Commentary by Dr. Valentin Fuster

Materials and Fabrication: Materials for Hydrogen Service (Joint With CS-8)

2016;():V06BT06A022. doi:10.1115/PVP2016-63179.

In recent years, hydrogen has been increasingly used as a clean energy source. Accordingly, the manufacturing and safety detection of hydrogen storage and transportation equipment is also becoming more and more important. To evaluate the hydrogen compatibility and suitability of 4130X seamless steel tube, CT and WOL specimen are used to evaluate its resistance of the hydrogen induced cracking by referring ISO 11114-4: 2005. The specimens were placed at 90 °C in 90 MPa high-pressure hydrogen environment for 1000 h after loading. The CT test results show that the 4130X materials have a good resistance to hydrogen-induced cracking under the standard required loading condition. The WOL test show that no crack occurs when the stress intensity factor KI of 4130X-A, 4130X-B is about 100–120 MPa•m1/2. The 4130X-C material exhibit the hydrogen-induced crack in the high-pressure hydrogen environment, the critical stress intensity factor KIH is about 87.81 MPa•m1/2. The study proves that the 4130X seamless steel tube has a good resistance to hydrogen embrittlement.

Topics: Steel , Hydrogen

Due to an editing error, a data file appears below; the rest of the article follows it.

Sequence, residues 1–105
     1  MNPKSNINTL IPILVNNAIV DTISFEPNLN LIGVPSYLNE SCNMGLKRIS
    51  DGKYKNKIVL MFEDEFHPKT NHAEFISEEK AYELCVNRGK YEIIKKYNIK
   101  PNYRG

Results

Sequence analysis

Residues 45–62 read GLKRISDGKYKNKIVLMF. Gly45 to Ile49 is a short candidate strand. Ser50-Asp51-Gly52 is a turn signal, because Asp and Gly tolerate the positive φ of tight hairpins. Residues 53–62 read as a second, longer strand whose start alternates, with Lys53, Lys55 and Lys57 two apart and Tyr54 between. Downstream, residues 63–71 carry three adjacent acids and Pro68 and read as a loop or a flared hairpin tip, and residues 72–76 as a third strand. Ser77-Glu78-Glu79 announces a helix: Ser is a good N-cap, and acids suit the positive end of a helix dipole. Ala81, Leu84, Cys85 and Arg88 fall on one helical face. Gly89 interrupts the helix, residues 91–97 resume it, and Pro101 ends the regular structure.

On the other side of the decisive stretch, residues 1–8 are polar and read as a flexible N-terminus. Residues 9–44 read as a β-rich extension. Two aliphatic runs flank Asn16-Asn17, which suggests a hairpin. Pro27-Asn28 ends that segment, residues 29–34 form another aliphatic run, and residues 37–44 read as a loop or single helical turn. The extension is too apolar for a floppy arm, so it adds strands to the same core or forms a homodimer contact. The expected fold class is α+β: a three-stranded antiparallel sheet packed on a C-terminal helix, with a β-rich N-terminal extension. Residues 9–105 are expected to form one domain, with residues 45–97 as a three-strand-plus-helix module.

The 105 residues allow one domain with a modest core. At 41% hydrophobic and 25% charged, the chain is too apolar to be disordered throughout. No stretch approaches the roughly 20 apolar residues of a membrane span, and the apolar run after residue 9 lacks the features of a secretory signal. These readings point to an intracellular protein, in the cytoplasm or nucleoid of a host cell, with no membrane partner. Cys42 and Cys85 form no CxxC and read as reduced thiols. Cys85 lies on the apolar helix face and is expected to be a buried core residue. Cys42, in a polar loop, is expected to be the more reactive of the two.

Commentary by Dr. Valentin Fuster
2016;():V06BT06A023. doi:10.1115/PVP2016-63198.

Although employing high strength steels in pipelines provides many benefits, it is difficult to satisfy all required mechanical properties simultaneously because some are potentially at odds with each other. Additionally, when new natural gas pipelines are constructed for severe sour service, the hardness must be below 248 Vickers to avoid sulfide stress cracking (SSC) regardless of pipe grades, and this has been standardized by NACE and applied for approximately five decades. On the other hand, the relevance of this hardness criterion has been controversial. This paper proposes three possible methods to improve SSC resistance for weld metals; 1) reducing impurities, 2) producing fine and homogeneous microstructure, 3) controlling microstructures that characterize high hydrogen permeability, solubility, and low diffusivity. This paper states that reducing impurities and producing fine and homogeneous microstructure would reduce SSC susceptibility and an acicular ferrite would be the effective microstructure to increase SSC resistance for weld metals.

Commentary by Dr. Valentin Fuster
2016;():V06BT06A024. doi:10.1115/PVP2016-63213.

In 2012, the Japanese regulation for selecting SUS316 austenitic stainless steel with a specific Ni equivalent (SUS316 and SUS316L can be used in the temperature ranges between −45 and 250 °C for a Ni equivalent of ≧28.5%, between −10 and 250 °C for a Ni equivalent of ≧ 27.4%, and between 20 and 250 °C for a Ni equivalent of ≧ 26.3%) as an appropriate material available in hydrogen refueling stations (HRSs) that provide 70 MPa fueling to fuel cell vehicles (FCVs) was updated with the support of NEDO (New Energy and Industrial Technology Development Organization) Program Phase 1 [1].

Topics: Alloy steel , Hydrogen
Commentary by Dr. Valentin Fuster
2016;():V06BT06A025. doi:10.1115/PVP2016-63336.